American small business owners. When it comes to politics, they’re portrayed as mythic heroes of the American economy, the salt-of-the-earth “mom and pops,” the real job creators, a constituency to be catered to, a force to be reckoned with. Like apple pie. And conventional wisdom would have it that this powerful, Republican-leaning slice of the electorate would fall in with the far-right when it comes to climate attitudes.

But a June 2014 survey of small business owners across the US conducted by the American Sustainable Business Council this month found that the nation’s local, bedrock employers support action on climate change.

And significantly, these views cut across party lines. A plurality of those surveyed (43 percent) self-identified as either Republican or Republican-leaning Independent. These scientific survey results counter the argument that the business community generally resists action on climate change. It found the opposite, with small business owners particularly concerned about climate change’s impact on their bottom line.

The national phone survey of 555 owners of small businesses (2 to 99 employees) found that clear majorities of small business owners are concerned about how climate change will affect their companies, including its impact on energy costs, health care costs and the infrastructure they depend on.

  • In fact, survey respondents voiced strong support for government action to address climate change, specifically, efforts to limit carbon pollution from power plants.

    Here are some more details:

    • Eighty-seven percent (87 percent) of business owners named one or more consequences of climate change as potentially harmful to their businesses. A majority (53 percent) said they were concerned about higher energy costs, 48 percent cited costs stemming from power outages due to stress on the power grid, and 37 percent cited a rise in health care costs.
    • Fifty-seven percent (57 percent) of businesses say they are concerned about carbon pollution in particular and 53 percent are concerned about climate change in general. No matter which phrase is used, “carbon pollution” or “climate charge,” a majority of small business owners are concerned about the future impact on their businesses. There is a partisan divide evident when it comes to level of concern, but decent numbers of more conservative business owners are worried. An overwhelming 82 percent of Democratic business owners express concern about climate change in general. This concern is shared by 40 percent of Republicans and half (50 percent) of Independents.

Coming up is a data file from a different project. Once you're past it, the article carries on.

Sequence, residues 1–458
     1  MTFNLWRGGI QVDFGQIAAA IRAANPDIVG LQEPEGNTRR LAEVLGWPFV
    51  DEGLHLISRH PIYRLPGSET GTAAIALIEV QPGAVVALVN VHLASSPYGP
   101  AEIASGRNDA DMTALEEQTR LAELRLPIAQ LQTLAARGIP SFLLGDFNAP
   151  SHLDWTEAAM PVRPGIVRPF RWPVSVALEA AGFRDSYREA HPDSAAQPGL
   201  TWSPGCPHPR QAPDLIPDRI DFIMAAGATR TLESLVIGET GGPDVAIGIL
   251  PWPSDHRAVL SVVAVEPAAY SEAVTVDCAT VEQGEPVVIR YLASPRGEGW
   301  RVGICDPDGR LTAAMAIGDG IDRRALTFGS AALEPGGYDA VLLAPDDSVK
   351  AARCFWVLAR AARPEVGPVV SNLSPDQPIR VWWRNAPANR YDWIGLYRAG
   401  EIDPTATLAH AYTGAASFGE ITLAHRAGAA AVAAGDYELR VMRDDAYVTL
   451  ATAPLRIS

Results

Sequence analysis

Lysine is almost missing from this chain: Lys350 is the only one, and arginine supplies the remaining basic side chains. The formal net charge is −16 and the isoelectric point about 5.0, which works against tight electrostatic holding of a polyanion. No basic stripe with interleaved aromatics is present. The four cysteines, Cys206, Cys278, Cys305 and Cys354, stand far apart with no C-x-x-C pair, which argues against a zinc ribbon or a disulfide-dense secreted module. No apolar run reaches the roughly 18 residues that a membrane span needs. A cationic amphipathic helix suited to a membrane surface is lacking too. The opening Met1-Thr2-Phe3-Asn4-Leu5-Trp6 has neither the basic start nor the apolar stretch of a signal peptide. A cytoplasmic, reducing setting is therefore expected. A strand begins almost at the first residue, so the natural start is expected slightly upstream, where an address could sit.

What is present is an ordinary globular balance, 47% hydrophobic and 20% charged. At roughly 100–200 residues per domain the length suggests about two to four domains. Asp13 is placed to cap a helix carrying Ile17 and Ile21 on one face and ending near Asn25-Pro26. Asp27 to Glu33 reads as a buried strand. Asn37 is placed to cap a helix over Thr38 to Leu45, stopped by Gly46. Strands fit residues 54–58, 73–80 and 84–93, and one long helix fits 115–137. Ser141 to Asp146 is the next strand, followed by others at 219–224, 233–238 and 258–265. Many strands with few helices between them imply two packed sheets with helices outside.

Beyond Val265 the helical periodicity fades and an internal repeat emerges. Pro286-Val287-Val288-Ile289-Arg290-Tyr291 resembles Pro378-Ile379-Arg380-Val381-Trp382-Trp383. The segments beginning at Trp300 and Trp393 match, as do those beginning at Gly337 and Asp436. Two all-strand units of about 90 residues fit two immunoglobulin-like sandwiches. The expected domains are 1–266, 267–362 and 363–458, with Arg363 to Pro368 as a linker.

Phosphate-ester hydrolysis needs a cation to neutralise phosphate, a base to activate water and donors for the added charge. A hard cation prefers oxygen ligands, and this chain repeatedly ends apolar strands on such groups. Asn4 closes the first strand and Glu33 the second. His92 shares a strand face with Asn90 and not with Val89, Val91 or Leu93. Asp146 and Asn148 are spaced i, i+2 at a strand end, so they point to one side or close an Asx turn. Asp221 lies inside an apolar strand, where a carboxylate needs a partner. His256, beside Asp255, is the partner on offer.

• Regardless of political affiliation, a majority of small business owners believe that government has a role in regulating power plant pollution. A majority (55 percent) of Republican small business owners agree that government regulation is needed to reduce carbon emissions by power plants. Even larger majorities (65 percent) of Independents and (81 percent) of Democrats agree. Only 29 percent think power plants should be left to regulate themselves.
    • Not surprisingly, fifty-seven percent (57 percent) of businesses said that the biggest carbon emitters, specifically power plants, should make the biggest reductions in carbon emissions and bear most of the costs of reduction efforts, instead of requiring all businesses to cut their emissions by the same percentage.
    • Half of surveyed businesses support tighter EPA limits on carbon emissions. Only 28 percent oppose them.
    • Fifty-three percent (53 percent) of companies think extreme weather has, or will have, negative impact on their businesses. One in five has already been hurt. Among larger companies (20 – 99 employees), 71 percent think extreme weather has, or could have, negative impact, and only 21 percent think it won’t.
    • A plurality (39 percent) of businesses said they would prefer to accept a 10 percent increase in energy costs rather than accept the consequences of climate change. A third of respondents were unable or unwilling to answer; but only 25 percent said they would rather suffer the consequences of climate change than pay 10 percent more.

    How many times have you heard somebody say that they just can’t support policy to cut pollution because they don’t want to hurt small businesses? Well, with small businesses anticipating the “hurt” of climate change, perhaps the days are over when elected officials could use them as their “out” for stalling on climate solutions.